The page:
Marketing of e- resources

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Marketing of e- resources

  1. 1. Marketing of e-resourcesMarketing of e-resources The 26th UN/WB/UL partnership workshop and meeting 23rd May 2013 Kericho Peter Gatiti Aga Khan University peter.gatiti@aku.edu Nerisa Kamar UN Habitat nerisa.kamar@unhabitat.org
  2. 2. ObjectivesObjectives  Introduction to marketing concept  How to market e-resources  Overview of marketing tools  Importance of e-resources  Selection of e-resources
  3. 3. IntroductionIntroduction Libraries continue to move more of their resources from print to electronic formats The challenge of effective marketing of those resources has become apparent The traditional marketing techniques for print resources do not work for e-resources because there are no physical volumes to view How then do libraries best connect their patrons to appropriate electronic resources?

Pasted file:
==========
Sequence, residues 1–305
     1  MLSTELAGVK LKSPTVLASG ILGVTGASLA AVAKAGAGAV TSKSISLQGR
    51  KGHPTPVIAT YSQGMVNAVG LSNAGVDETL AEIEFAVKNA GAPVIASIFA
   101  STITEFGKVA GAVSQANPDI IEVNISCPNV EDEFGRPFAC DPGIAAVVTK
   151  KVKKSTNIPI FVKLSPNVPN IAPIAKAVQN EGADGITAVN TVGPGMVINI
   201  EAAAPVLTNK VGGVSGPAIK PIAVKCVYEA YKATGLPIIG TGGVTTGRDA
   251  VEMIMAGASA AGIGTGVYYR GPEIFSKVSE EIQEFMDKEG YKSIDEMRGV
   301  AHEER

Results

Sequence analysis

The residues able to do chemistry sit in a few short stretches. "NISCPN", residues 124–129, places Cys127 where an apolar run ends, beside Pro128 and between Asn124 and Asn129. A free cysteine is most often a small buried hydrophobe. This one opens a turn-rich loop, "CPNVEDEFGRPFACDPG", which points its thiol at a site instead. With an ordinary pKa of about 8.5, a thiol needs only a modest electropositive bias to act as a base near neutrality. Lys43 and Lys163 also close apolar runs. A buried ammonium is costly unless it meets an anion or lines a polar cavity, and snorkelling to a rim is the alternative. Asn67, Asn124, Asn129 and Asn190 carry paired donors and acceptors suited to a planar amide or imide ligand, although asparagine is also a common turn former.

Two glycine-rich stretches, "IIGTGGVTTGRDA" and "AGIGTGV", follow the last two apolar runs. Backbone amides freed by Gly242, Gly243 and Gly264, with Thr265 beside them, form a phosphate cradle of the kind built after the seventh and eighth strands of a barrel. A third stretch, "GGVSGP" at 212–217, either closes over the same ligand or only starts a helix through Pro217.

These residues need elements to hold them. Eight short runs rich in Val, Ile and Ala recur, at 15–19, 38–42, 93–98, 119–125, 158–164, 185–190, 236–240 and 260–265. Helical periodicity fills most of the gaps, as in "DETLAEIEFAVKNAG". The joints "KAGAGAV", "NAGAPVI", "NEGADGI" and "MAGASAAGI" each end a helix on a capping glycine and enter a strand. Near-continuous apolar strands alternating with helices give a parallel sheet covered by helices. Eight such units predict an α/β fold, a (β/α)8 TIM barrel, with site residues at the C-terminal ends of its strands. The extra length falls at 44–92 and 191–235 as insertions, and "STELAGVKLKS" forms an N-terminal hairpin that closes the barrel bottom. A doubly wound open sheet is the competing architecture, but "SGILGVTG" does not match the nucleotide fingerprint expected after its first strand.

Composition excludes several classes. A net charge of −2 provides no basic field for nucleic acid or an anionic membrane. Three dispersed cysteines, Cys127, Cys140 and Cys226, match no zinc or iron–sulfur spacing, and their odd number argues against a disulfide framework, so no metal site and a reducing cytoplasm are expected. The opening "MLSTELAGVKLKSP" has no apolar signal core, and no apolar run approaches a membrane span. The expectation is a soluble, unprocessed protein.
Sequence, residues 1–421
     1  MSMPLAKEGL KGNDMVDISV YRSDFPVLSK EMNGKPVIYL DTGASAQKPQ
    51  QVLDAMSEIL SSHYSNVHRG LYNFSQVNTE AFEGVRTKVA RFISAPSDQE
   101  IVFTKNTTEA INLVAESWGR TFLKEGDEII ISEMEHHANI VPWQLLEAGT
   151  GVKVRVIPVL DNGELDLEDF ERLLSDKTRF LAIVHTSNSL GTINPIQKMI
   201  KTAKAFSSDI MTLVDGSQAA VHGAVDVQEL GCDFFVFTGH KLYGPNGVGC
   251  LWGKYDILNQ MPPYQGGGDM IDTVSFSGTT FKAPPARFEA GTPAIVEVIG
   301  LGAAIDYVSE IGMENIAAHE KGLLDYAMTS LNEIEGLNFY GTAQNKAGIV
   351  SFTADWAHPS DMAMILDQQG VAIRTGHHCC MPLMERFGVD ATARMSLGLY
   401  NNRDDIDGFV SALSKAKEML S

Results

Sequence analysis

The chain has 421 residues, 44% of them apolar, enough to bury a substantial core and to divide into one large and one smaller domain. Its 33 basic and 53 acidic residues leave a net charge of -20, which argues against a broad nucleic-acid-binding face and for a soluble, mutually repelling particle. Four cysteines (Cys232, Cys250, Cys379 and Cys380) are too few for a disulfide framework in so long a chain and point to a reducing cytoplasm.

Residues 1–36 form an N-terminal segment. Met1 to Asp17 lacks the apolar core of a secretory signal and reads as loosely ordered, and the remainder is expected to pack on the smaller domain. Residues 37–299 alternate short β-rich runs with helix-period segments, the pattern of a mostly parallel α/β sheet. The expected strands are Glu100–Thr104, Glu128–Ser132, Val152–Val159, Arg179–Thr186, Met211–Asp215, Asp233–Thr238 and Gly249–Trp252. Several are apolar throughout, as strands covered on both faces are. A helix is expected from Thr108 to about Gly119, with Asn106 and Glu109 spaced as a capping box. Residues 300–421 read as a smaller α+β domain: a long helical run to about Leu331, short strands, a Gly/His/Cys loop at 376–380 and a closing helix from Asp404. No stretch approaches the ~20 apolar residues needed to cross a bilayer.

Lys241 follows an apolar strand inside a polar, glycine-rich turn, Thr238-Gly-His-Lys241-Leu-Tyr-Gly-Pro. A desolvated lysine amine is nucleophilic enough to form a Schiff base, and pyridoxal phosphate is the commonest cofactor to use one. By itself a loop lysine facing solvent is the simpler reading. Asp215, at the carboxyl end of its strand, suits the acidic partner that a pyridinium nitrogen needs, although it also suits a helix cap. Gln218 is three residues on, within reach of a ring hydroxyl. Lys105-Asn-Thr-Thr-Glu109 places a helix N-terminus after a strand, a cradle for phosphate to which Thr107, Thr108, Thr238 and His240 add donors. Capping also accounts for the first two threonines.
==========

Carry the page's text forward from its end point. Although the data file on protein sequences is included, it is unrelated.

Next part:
4. 4. MarketingMarketing Making known of an e-resource with an aim of increasing access and use of a resource, to support quality teaching and research output.
  5. 5. Marketing mix 4Ps of marketing in the library context Product: traditional image of the library as the ‘brand identity’ Place/distribution: are products distributed from a physical place, or is the intranet, or even Internet, used as a delivery medium? Pricing: how do prices for library products or services compare with electronic Internet based current awareness, document delivery or bibliographic services? Promotion: will the library actively promote its services or risk losing business to new information providers?